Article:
One of today's most knowledgeable Argentine leaders is Edgardo Silvoso of Harvest Evangelism based in San Jose, California. Silvoso did a workshop at Lausanne II in Manila in 1989 on spiritual warfare in Argentina. There he said, "If there is one dominant element that has emerged in the theology and methodology of evangelism in Argentina, I would say it is spiritual warfare. It is an awareness that the struggle is not against a political or a social system. Nor is it on behalf of those who are captives, but it is rather against the jail keepers, against the rulers, those in authority in the spiritual realm." Silvoso contends that understanding this allows Argentine evangelists to get to the root of the problem instead of dealing merely with symptoms. He suggests that the results seem to validate this approach.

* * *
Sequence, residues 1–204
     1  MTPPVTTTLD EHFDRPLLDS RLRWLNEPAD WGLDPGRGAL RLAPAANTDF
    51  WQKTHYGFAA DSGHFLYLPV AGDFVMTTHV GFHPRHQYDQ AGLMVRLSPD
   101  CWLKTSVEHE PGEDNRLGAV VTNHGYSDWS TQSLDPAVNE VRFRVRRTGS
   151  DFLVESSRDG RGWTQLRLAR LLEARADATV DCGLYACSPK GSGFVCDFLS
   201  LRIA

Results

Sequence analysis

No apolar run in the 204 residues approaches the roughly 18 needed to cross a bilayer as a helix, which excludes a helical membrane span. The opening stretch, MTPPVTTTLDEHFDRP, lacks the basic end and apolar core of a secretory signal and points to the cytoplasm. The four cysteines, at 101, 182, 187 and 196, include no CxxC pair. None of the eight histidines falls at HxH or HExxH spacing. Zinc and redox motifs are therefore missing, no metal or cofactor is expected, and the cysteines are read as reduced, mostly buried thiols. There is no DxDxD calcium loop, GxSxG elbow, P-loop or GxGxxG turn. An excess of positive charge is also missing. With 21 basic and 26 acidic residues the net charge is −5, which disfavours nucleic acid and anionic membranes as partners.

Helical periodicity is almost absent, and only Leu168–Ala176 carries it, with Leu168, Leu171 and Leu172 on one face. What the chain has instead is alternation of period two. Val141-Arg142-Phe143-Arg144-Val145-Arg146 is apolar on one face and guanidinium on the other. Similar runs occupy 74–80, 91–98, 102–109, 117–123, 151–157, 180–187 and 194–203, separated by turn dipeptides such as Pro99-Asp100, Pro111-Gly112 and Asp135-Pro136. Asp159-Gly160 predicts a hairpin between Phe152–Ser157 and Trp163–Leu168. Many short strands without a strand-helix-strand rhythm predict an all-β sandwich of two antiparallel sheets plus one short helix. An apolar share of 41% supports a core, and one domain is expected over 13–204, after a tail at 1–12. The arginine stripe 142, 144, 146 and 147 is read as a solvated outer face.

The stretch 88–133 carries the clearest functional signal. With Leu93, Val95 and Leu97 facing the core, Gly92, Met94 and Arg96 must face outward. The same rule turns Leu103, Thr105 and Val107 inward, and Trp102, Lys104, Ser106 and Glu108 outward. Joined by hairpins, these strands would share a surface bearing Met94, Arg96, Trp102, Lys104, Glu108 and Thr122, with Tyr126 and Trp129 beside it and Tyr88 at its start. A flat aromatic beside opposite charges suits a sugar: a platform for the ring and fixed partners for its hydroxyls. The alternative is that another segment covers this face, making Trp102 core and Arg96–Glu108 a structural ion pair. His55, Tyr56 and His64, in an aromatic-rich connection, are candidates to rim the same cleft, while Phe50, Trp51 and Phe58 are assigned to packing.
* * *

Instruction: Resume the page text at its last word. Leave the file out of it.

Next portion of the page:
The national director of Harvest Evangelism in Argentina is Eduardo Lorenzo, who also serves as pastor of the Adrogue Baptist Church. When I visited Adrogue, an upper-middle-class section of Buenos Aires, I saw a thriving church of 600, a new auditorium with seating expandable to 2,000 and a goal of filling it with church members by 1993. This is not a new church. It has been there for over 70 years, but never had more than 100 members until recently. When Lorenzo took the pastorate in 1974 he saw it grow from 70 to 250 in thirteen years through using standard church growth procedures. But in 1987 the current growth surge began and Lorenzo says, "If we do not make 2,000 by 1993, it will be because we are not trying."